|Bruins-Lightning Game 2 preview||05.17.11 at 2:07 am ET|
Twos are wild as the Bruins take on the Lightning in Game 2 of the Eastern Conference finals Tuesday night. The B’s are looking to knot the series at one game apiece before it moves to Tampa for Games 3 and 4, and they’ll need to correct some costly mistakes that doomed them in Game 1.
With the number two in mind, here’s a preview of the contest:
Two things the Bruins need to do:
- Go back to winning 5-on-5. The excuse for the Bruins amidst their power play’s horrid 2-for-41 playoff showing is that they were playing dominant 5-on-5 hockey to make up for it. It was an argument that was clearly backed up by their ability to advance through two rounds, but the B’s gave Game 1 away with both teams at even strength, letting the Lightning score three goals – two of which were unassisted – in a matter of 1:25. The Lightning did score a power play goal in the third period, but it was the ugly first period that lost the Bruins the game.
The Bruins have clearly been the best 5-on-5 team throughout the playoffs. Their 33 goals for lead all remaining teams, while the 16 goals they have allowed is the lowest total among the last four teams. They just cam’t let those numbers take hit like they did Saturday, because for a team whose power play is a non-factor, they have to make sure they do all the damage they can at even strength.
- Know which Tomas Kaberle shows up, and adjust accordingly. Yes, this is coming from the same person who noted Kaberle’s skills could help them in this series, and while they still can, the 33-year-old proved to be nothing but a liability (again) in Game 1. The Bruins limited his minutes significantly (13:20 and 13:15, respectively; the his lowest totals of the last five seasons) in Gmaes 3 and 4 of the Philadelphia series and were still able to win, so 17:29 for a guy who committed as bad a turnover as one could in Game 1 Saturday was excessive. Putting Kaberle on a tighter leash means more minutes for other guys, but they were able to pull it off twice last series. If Kaberle is going to cost them, he can’t be out there as much.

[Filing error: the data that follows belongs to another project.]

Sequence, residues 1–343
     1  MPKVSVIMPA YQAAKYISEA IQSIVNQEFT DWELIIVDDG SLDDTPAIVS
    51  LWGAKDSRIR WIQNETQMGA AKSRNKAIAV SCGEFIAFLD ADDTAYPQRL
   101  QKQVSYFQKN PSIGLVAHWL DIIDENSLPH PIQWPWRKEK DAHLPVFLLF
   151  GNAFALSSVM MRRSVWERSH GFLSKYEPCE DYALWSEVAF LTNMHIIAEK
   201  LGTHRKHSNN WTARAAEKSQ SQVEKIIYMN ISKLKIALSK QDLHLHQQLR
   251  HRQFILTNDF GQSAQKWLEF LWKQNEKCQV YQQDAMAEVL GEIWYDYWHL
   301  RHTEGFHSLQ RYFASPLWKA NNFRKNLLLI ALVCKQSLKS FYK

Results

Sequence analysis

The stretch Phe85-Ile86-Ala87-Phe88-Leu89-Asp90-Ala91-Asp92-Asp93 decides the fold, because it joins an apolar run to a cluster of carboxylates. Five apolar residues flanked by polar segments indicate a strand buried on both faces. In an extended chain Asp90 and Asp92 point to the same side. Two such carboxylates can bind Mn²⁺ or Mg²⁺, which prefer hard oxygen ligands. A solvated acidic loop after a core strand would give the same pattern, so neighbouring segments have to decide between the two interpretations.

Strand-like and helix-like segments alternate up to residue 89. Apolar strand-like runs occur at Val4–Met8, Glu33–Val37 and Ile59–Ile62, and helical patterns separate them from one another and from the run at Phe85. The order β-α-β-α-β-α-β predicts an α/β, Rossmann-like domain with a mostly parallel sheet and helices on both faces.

Two crazy numbers:
- Steven Stamkos led the Lightning with 297 shots on goal in the regular season, yet Game 1 was the second game this postseason in which he failed to put a puck on net. The Lightning went 4-3-0 in the regular season when Stamkos didn’t register a shot on goal, while they lost the other playoff game in which he put up a goose egg.
The playoff leader in shots on goal remains James van Riemsdyk, and it will likely be at least a couple games before he is surpassed. With 70 through two rounds, he leads the field by nine shots.